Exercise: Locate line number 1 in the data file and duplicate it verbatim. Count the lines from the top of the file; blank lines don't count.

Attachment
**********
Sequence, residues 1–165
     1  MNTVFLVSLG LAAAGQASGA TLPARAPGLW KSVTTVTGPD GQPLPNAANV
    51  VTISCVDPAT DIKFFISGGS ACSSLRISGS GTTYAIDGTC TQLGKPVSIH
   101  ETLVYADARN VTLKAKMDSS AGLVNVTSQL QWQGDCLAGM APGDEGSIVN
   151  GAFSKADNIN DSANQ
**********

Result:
Sequence, residues 1–165